The price of oil keeps falling and falling and falling. Back in June 2014, Brent crude went for $115 per barrel. That price has dropped in half, down to $53 per barrel. And it's still declining today.
I previously wrote an in-depth explanation for why oil prices are plummeting, but you can get a short version from the chart below by the International Energy Agency. The supply of oil keeps growing — thanks in large part to the US shale boom. Yet demand for oil keeps sagging, due to weak growth in Asia and Europe.
Basically, there's a lot more oil getting pumped out right now than anyone needs, and a lot is just getting stockpiled away for later. That's causing the price to drop:
This wasn't always the case. Between 2010 and 2014, oil consumption was rising steadily, but global oil production was struggling to keep up. Stockpiles were getting drawn down. That led to higher oil prices — around $100 per barrel — which spurred drillers in the US to extract more oil from shale formations in places like North Dakota and Texas. But that boom was partly offset by conflicts in oil nations like Libya and Iraq.
Since mid-2014, however, things have shifted. US oil production is still rising upward. Russia, Iraq, and Canada keep producing more oil too. Just as important, global oil demand has weakened unexpectedly, especially as economic growth in China and Europe have been slowing down. OPEC also played a role: at one point in November, onlookers thought that Saudi Arabia might cut back on its production to prop up prices. But the Saudis don't want to lose market share and have signaled that they won't make any cuts for the time being.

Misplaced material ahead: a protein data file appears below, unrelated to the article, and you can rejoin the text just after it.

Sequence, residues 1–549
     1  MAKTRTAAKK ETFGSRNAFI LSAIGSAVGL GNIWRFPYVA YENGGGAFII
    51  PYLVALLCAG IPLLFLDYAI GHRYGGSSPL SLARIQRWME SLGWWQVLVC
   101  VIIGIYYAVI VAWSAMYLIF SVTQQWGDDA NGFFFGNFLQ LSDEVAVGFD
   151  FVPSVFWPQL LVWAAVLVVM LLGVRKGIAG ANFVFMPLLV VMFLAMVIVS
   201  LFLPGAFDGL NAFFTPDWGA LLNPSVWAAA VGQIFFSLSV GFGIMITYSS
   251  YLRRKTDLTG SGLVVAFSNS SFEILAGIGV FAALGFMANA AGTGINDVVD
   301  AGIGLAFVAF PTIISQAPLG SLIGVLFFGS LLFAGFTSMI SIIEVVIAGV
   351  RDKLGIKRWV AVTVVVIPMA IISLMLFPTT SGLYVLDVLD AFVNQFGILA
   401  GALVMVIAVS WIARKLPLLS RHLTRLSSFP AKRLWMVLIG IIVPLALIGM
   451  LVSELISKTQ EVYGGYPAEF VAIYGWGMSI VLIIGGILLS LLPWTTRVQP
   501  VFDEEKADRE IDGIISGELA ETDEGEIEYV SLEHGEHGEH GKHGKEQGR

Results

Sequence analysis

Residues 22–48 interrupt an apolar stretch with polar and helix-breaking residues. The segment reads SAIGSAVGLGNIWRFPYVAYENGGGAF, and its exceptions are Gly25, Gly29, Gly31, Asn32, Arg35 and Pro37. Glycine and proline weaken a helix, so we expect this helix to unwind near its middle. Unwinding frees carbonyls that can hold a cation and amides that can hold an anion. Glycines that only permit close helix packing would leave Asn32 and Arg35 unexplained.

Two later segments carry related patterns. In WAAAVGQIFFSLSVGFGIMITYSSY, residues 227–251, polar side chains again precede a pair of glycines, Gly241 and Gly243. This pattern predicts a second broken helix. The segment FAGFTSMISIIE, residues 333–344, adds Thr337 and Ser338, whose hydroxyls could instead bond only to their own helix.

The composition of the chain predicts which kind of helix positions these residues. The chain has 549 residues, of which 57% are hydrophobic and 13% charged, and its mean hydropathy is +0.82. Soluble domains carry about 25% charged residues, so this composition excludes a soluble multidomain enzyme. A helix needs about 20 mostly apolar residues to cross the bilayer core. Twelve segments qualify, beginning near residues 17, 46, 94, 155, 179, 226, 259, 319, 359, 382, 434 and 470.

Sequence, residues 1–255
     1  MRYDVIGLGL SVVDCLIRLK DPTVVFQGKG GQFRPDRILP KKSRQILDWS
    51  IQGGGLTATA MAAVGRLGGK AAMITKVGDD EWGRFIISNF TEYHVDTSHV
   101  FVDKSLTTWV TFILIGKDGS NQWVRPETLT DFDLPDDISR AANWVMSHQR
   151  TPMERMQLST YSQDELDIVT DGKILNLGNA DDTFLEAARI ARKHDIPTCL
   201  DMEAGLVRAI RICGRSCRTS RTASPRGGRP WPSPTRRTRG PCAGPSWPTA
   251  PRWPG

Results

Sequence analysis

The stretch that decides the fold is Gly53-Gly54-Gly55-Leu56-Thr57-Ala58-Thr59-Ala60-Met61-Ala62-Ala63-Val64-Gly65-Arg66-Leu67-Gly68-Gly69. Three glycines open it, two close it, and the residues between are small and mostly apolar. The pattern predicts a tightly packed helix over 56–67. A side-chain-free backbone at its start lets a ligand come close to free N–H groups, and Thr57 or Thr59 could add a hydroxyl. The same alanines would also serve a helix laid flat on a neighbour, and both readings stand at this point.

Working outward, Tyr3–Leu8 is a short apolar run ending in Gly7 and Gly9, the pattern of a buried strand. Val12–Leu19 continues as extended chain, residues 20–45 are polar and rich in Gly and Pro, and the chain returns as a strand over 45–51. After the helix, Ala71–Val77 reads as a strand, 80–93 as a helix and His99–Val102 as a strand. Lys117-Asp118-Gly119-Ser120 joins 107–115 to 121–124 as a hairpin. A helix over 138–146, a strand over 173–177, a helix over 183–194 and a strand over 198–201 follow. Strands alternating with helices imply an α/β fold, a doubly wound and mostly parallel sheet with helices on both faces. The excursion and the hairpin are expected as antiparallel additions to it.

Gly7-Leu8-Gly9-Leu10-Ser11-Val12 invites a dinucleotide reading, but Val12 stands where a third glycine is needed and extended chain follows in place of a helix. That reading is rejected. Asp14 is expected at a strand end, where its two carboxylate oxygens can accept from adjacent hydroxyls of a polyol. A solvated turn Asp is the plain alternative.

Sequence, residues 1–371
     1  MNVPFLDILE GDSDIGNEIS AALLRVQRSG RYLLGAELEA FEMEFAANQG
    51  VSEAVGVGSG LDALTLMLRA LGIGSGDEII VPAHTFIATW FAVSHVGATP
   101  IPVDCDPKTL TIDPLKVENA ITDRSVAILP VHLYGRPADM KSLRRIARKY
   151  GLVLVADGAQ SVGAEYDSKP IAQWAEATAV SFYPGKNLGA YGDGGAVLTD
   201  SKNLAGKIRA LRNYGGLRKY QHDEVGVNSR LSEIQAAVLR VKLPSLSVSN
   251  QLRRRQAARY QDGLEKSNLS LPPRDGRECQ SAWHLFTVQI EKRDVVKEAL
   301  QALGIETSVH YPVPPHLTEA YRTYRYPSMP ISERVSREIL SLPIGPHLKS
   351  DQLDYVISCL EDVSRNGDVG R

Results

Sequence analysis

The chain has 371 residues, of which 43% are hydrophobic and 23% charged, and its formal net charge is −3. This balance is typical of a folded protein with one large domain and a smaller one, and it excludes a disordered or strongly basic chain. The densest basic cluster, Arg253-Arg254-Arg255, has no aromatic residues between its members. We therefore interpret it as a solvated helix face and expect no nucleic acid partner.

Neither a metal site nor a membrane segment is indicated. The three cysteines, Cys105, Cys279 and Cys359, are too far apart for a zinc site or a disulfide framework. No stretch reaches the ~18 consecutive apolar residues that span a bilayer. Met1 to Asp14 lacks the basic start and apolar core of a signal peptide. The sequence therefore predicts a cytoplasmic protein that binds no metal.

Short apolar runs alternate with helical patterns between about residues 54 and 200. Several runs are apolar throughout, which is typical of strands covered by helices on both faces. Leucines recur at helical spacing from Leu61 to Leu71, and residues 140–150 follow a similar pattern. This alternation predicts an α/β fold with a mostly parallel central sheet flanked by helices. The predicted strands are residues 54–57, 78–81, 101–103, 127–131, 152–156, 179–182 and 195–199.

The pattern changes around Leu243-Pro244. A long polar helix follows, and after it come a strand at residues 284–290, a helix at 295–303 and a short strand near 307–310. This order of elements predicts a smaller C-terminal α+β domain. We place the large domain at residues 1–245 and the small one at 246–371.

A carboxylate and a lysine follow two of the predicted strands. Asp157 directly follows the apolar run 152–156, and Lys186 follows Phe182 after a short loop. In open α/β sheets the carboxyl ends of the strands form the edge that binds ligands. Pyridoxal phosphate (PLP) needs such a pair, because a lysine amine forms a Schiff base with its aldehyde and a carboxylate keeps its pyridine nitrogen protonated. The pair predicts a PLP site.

End result? Oil traders expect that the supply of oil will remain plentiful for the foreseeable future, while demand will remain weak — which is exactly what that IEA chart shows. And, since the price of oil is determined by contracts for future delivery, these expectations for the future matter a lot. That's why oil prices keep falling.
A lot of day-to-day price movements are related to this basic dynamic. On January 5, prices started falling yet again. Why? Because new data indicated that oil exports from Russia and Iraq were hitting record highs. And, even though lower prices may eventually kill some costly shale-drilling projects in the United States, overall US oil production is still expected to increase in 2015. That expected increase in production has been enough to offset the news of fresh conflict in Libya (which is taking a smaller amount of oil off the market).
In the meantime, few analysts expect growth to pick up in Europe or China or Japan anytime soon. So global demand is expected to remain sluggish in the near future.
That's the short version. Whenever new data shows an unexpected boost in oil production or an unexpected drop in oil demand, prices go down. For oil prices to go up, we'd need to see either an unexpected drop in supply — say, new fighting flares up in Iraq, or US shale projects start going offline faster than expected, or Saudi Arabia switches its stance and decides to cut back on output to prop up prices. Or we'd need to see a surprising rise in demand — say, China starts growing faster than expected or the euro zone somehow fixes its economic woes.
-- Why oil prices keep falling — and throwing the world into turmoil
-- What the huge drop in gasoline prices means for America
-- Driving in the US has been declining for years. Will cheap gas change that?
-- How far do oil prices have to fall to throttle the US shale boom?
-- A look at North Dakota's efforts to prepare for an oil price bust